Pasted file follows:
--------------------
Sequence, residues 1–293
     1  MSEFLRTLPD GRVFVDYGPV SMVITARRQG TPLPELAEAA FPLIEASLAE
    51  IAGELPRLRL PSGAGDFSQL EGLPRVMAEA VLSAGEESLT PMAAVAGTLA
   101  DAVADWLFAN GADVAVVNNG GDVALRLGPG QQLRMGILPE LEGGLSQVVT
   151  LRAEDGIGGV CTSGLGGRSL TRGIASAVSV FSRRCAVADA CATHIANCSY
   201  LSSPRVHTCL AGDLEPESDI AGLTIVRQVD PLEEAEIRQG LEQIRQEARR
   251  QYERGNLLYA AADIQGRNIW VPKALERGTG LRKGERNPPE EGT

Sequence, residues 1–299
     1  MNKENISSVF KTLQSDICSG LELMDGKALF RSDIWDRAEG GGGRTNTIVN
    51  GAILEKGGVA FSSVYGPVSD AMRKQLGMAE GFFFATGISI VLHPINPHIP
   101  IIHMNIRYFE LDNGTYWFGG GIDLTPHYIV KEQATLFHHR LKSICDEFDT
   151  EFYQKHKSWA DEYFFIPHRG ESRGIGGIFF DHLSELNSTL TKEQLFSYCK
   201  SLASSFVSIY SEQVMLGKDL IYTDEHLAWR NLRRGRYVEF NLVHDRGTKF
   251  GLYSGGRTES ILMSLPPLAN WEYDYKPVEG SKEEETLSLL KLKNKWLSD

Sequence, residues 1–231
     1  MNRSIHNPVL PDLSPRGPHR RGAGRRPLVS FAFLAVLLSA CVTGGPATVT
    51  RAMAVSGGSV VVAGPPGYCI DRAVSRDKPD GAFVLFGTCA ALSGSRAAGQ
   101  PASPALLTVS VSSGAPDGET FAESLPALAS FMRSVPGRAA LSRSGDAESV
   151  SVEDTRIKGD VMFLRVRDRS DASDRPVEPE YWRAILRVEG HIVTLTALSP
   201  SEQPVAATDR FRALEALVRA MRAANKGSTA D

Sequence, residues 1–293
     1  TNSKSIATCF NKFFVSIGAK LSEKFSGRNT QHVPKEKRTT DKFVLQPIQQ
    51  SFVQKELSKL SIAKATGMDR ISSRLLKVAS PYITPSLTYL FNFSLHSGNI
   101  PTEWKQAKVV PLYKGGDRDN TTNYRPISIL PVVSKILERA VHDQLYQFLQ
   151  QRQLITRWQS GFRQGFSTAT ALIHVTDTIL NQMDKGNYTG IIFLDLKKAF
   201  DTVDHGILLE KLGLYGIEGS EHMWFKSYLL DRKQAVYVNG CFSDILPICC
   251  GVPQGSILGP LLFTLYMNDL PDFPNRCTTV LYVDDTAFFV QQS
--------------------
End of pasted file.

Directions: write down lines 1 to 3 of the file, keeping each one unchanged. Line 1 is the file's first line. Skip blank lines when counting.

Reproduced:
Sequence, residues 1–293
     1  MSEFLRTLPD GRVFVDYGPV SMVITARRQG TPLPELAEAA FPLIEASLAE
    51  IAGELPRLRL PSGAGDFSQL EGLPRVMAEA VLSAGEESLT PMAAVAGTLA